Publisher: Samhain Publishing Ltd
Publication Date: 3rd Nov 2015
I received an advance copy of Greasepaint by David C. Hayes from Netgalley in exchange for an honest review. This is said review. This book is published by Samhain.
Never read anything by David C. Hayes before but this came out with a bevy of books from Samhain on NetGalley so decided to give it a go along with the others. Novellas are good when it’s an author you have never read before. Being short, they tend to give you a general feel for the authors work in a short space of time. I got my general feeling on this one fairly quickly.
Michael is the only survivor after serial killer Reginald Bent, otherwise known as TV star, Orzo the Clown, is finally caught and killed by the police.
Many years later, the son of Orzo’s sidekick, Dumpy Dan, decides to release a DVD special of all the Orzo the Clown shows ever made. When this happens, people start to die. Michael is plagued by the memory of Orzo. Worse than that, he has seen Orzo again. He has seen him kill again. He knows he is after him. Again.
OK this is probably going to be a short review of a short book. I didn’t like it. I wanted to like it but I just couldn’t.
The characters in this story are flat. The initial scenes with Orzo (before he was killed) were entertaining. He was well written and evil and everything someone like me who is scared of clowns, finds scary. After that it all fell down for me. Michael and his girlfriend Mona and his friends in his band Ricky and Skeezer are the main characters. All pretty plain and non-exciting. There are a few other characters that come to the fore but to be honest I can’t even remember the names of most.
The plot is straight forward. Killer dies, one victim left. Year’s later killer supposedly comes back and survivor runs away very fast. But not fast enough. Loads of people die.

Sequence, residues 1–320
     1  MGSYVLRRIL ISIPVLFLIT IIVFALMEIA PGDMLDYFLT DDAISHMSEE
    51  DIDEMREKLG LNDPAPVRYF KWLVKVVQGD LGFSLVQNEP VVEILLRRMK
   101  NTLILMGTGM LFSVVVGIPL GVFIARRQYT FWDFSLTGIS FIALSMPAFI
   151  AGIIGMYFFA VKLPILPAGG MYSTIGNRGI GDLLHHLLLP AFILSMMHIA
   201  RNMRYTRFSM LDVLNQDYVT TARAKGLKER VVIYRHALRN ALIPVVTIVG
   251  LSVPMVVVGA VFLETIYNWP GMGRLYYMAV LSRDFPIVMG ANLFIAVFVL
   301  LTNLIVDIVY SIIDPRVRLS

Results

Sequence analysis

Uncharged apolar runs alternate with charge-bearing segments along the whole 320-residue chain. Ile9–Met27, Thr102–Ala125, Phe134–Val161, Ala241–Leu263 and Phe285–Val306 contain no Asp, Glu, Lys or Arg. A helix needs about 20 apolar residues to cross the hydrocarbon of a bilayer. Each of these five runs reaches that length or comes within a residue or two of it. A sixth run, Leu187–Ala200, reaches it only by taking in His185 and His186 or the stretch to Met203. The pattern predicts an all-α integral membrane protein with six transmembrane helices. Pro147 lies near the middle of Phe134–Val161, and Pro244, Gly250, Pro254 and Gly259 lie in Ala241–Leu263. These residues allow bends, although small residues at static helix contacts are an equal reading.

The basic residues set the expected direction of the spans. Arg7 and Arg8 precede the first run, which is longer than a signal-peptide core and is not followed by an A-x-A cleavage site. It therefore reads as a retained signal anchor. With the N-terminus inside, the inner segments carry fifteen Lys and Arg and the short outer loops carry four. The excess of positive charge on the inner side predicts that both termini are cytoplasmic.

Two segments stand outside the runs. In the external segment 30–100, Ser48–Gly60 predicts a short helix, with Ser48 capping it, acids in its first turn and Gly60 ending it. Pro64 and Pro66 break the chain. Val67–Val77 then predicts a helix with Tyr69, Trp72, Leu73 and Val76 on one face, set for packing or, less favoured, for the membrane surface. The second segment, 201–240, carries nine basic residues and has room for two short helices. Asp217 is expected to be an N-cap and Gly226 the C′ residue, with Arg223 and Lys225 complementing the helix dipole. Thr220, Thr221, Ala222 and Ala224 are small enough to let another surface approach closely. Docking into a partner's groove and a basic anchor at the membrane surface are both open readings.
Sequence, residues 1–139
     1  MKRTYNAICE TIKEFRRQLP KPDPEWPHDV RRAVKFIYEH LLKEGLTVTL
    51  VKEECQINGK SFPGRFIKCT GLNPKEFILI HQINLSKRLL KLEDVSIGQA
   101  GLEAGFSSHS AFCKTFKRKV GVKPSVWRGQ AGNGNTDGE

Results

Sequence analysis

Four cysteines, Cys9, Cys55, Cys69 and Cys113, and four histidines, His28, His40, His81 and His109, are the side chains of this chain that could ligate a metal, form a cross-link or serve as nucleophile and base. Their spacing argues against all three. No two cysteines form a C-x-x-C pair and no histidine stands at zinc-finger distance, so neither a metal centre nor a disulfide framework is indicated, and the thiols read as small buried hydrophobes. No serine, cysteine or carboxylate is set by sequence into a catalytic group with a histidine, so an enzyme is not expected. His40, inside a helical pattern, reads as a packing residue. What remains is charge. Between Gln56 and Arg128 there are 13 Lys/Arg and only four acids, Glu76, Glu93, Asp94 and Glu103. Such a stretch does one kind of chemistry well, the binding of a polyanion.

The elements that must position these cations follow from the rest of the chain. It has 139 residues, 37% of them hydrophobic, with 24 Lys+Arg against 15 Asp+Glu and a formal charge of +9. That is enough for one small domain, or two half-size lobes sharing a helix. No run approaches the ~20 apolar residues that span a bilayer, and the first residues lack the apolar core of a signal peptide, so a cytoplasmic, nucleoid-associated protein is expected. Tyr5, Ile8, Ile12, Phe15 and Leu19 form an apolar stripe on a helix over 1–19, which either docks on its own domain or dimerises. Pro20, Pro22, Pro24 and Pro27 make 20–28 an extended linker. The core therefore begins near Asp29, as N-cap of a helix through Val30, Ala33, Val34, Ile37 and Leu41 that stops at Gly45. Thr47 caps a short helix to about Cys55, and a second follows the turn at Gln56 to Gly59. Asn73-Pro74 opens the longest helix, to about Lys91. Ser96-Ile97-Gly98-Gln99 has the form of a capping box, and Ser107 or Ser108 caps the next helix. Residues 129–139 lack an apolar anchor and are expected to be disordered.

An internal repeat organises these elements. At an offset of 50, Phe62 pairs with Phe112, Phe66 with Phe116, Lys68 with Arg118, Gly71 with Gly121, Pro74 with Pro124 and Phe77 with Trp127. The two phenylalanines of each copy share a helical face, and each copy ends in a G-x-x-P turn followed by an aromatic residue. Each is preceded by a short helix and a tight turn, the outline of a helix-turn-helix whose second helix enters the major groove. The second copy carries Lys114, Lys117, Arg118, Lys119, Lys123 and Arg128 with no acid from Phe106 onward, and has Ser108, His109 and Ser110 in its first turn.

The thing that killed this book for me was the writing style. This felt so disjointed and unnatural to me. It was almost written like a screenplay or a script for a film. It was more descriptive rather than free flowing and it never allowed the story to get into a groove for me. It was full of very short sentences and read more as instructions for what actors needed to do rather than telling a story. For example (not actual text from the story) “Michael turns around. Michael walks to Mona. Michael hugs Mona.” Whereas I would rather have read “Michael turned around and walked over to Mona. After giving each other a warm smile, they hugged”.
Get my drift? Didn’t flow. Didn’t gel. As a story. The over use of the character names as well drove me nuts. I counted on one page in which Michael was the only character involved in the scene and his name was used twenty one times. No need for it. Not in a book anyway. Maybe in a script.
To summarise: didn’t like this at all. There is some horror and there is plenty of blood and guts. It just didn’t flow for me as a story should. I was very disappointed. Like I always say though - just because it didn't do it for me, doesn't mean it won't for you.
★★ didn't do it for me.
★★ nope, not scary.
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Michael is the only survivor of serial killer Reginald Bent, better known as the nationally syndicated TV star Orzo the Clown. Having his own rock band has helped Michael cope. He loses himself in the music and doesn’t think of Orzo or the way the demented clown died right in front of him.
Now a new DVD release of the Orzo the Clown Show brings all the memories back to the surface. It has also drawn out either Orzo himself, back from the grave, or a copycat just as insane. Anyone Michael knows is a potential victim as the crazed clown slashes his way through another three-ring circus of terror, hell bent on finishing what was started.
David C. Hayes... the court jester of horror! David is an award winning writer actor/filmmaker/college professor/pro wrestler and all around hack!
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